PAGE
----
Consuming blueberries, beets or black licorice can cause black stools, according to About.com and HealthGrades. Several common medicines and supplements, such as iron supplements, aspirin and NSAIDs, can also cause black stools, as can medicines that contain bismuth, such as Pepto-Bismol, notes WebMD.
While foods can cause black stools, it's important to note that food consumption is not the only potential cause. Experiencing black stools, particularly for a prolonged period of time, can be a sign of distress in the gastrointestinal system. In instances of gastrointestinal distress, black stools result from bleeding in the esophagus, stomach or small intestines, explains WebMD. Conditions such as colon polyps, gastritis and Crohn's disease can all result in the expulsion of very dark brown or black stools.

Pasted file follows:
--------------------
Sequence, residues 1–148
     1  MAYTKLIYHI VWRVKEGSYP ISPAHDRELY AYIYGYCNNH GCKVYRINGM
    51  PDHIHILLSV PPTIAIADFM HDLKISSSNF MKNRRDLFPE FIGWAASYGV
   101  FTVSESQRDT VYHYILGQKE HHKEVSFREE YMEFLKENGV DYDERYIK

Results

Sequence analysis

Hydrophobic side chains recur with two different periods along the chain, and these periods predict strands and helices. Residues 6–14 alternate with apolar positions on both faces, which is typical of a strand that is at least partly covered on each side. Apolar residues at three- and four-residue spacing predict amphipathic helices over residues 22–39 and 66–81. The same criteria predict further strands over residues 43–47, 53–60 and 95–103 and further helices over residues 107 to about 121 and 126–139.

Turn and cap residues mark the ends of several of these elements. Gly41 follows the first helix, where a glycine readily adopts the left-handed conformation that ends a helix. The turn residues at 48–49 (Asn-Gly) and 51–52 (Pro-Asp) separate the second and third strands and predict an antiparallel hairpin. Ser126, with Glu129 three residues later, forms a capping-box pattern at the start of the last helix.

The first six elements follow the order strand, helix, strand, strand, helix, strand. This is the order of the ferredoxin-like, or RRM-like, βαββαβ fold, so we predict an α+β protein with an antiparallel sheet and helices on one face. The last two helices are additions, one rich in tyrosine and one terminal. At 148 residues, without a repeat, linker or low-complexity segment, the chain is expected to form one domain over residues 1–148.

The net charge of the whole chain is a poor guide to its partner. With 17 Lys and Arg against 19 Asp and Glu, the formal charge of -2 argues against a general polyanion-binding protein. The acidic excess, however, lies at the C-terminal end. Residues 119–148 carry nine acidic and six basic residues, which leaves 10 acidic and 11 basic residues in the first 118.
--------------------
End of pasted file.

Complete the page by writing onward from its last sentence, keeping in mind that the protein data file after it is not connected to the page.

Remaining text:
When black stools result from a gastrointestinal issue, there is often a difference in the consistency of the waste. Black stools that result from a gastrointestinal issue are often softer and may have a tar-like consistency, according to HealthGrades. Individuals who experience unexplained black stools should seek immediate medical care. This is particularly vital if visible blood accompanies the black stool or if the individual experiences excessive sweating, a rapid heartbeat, chest pain, abdominal pain or loss of consciousness.